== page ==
The first five essays here are thus concerned, in different ways, with the politics of the academic institution of literature; in the nine which follow, the emphasis falls predominantly upon the conjunctions of literature and politics at various historical moments, and upon what James Quinlan here calls the “textual body”—in short, upon the political inflections of given literary texts more distinctly than upon the institutional modalities of their reception and transmission.

Dena Goldberg is concerned with two Renaissance plays which rewrite a story derived from Livy, of rape and tyranny—and of the overthrow of tyranny. Restoring these plays to their ideological contexts in early Elizabethan and in Jacobean England, she shows how each uses the Roman story to make a statement of direct political relevance to a time of crisis, and to do so without the prurience that characterizes Shakespeare's handling of the same motifs.8 If Webster's version of the Appius and Virginia story is clearly a specimen of what Jonathan Dollimore calls “radical tragedy,” the unpublished playtexts discussed by Reavley Gair in his essay, and situated by him in response to the moralist poetics of Ben Jonson, respond to the crisis of the pre-Civil War years from the opposite end of the political spectrum. Working from manuscript sources in the National Library of Wales, Gair restores to view a writer who is of interest both as one struggling voice in an age of open conflict, and also for his family connections: himself a follower of Jonson, his father knew the editors of Shakespeare's First Folio, and his grandfather was the addressee of Shakespeare's “The Phoenix and the Turtle.”9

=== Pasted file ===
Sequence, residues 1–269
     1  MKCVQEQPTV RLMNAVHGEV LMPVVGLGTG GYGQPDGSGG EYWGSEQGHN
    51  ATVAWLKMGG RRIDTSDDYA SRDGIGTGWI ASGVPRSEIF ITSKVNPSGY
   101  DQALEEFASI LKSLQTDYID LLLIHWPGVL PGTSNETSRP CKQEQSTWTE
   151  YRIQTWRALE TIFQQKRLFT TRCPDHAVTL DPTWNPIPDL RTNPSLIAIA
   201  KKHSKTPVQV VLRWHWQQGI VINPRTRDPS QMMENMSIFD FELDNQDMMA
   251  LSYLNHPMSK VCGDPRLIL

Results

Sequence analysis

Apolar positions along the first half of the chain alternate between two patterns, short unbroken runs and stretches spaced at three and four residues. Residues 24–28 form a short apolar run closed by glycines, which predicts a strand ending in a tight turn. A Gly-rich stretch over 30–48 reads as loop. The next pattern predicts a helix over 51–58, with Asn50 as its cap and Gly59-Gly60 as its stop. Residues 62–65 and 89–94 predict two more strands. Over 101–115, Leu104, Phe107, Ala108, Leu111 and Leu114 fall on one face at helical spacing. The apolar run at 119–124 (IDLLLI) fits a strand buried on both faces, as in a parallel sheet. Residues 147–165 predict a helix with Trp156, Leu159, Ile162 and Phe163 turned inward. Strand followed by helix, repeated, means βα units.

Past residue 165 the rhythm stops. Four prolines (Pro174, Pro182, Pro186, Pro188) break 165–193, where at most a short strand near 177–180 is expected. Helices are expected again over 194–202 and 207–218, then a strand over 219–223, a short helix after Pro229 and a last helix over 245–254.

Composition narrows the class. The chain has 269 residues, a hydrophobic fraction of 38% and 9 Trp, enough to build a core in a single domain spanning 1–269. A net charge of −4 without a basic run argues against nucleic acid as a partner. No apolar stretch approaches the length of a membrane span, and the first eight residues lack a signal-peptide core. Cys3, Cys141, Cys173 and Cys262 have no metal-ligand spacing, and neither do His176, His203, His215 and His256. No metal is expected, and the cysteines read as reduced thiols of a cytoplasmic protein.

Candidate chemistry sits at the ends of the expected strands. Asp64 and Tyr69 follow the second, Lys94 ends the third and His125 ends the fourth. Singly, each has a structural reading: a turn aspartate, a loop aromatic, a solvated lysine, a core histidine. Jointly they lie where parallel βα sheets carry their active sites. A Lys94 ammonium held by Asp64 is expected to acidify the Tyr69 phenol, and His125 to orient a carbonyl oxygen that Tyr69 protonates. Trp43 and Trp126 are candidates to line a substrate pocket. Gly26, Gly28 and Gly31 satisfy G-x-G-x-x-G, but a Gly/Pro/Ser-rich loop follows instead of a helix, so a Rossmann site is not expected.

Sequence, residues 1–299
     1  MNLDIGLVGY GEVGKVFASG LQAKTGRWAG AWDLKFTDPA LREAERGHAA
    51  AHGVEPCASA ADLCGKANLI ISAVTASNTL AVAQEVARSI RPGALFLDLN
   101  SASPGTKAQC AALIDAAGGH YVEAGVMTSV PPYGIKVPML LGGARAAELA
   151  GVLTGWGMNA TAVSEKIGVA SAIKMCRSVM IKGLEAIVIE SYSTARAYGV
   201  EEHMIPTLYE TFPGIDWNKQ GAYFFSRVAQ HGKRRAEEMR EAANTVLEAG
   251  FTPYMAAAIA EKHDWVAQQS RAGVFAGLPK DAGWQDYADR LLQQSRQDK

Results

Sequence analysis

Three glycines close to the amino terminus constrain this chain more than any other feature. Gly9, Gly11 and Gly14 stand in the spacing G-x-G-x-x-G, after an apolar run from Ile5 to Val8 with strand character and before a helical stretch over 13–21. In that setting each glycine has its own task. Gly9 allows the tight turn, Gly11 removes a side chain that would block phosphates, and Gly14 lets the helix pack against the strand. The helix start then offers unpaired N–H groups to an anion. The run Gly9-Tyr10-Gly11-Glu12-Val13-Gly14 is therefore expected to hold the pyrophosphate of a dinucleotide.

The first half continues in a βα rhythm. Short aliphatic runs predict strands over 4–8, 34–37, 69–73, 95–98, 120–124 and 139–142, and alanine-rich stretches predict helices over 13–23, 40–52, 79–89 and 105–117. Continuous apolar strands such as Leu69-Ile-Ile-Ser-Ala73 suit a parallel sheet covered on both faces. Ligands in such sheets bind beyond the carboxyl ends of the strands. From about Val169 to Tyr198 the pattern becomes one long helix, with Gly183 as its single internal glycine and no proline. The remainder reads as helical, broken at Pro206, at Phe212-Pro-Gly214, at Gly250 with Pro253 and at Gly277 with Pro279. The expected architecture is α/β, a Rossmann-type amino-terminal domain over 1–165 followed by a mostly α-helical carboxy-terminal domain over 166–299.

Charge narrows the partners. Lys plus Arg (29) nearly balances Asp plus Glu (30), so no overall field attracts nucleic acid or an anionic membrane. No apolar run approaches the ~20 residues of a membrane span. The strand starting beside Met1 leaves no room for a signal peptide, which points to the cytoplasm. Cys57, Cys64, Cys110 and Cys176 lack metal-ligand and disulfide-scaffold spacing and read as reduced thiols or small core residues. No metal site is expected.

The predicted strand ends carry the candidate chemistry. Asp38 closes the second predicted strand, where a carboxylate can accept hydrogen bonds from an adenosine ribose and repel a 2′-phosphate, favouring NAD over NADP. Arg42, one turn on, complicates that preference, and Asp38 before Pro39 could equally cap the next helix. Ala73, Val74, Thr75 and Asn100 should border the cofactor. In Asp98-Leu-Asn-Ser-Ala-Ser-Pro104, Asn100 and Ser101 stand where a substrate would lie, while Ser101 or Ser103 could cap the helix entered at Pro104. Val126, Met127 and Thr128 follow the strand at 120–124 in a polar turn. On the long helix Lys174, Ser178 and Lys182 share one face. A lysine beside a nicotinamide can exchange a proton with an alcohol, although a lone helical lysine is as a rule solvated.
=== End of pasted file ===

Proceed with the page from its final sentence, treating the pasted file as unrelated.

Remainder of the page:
Taking us to another moment of crisis, one which was seen by contemporary commentators as a kind of political apocalypse, Kathryn Chittick's study of “Literature and Politics in 1833” provides an intriguing reconstruction of the ideological and institutional changes taking place in the world of letters during that 'interregnum' which preceded the rise to prominence of the great Victorians.10 Thomas Carlyle, whose remarks on this “time of unmixed evil” introduce Chittick's discussion of the political and literary cross-currents of the period of the first Reform Bill, is also the subject of L. M. Findlay's incisive analysis of the poetics and politics of gender in The French Revolution. Focussing on “the interplay of mythic and historical constructions of gender whereby Carlyle communicates the the reality of political convulsion and the need for its containment,” Findlay allows the relationship between Jane and Thomas Carlyle to serve as a bitterly ironic commentary on this patriarchal stance.11 Another aspect of the same problematic is brought to light by Marjorie Stone's nuanced exposition of the remarkably complex functions of cursing in Elizabeth Barrett Browning's political poetry: the rhetorical choices which this poet confronted—of confining herself to conventionally female speech acts, of disguising her own sex, or of asserting it—all entailed one or another form of alienation and suppression.12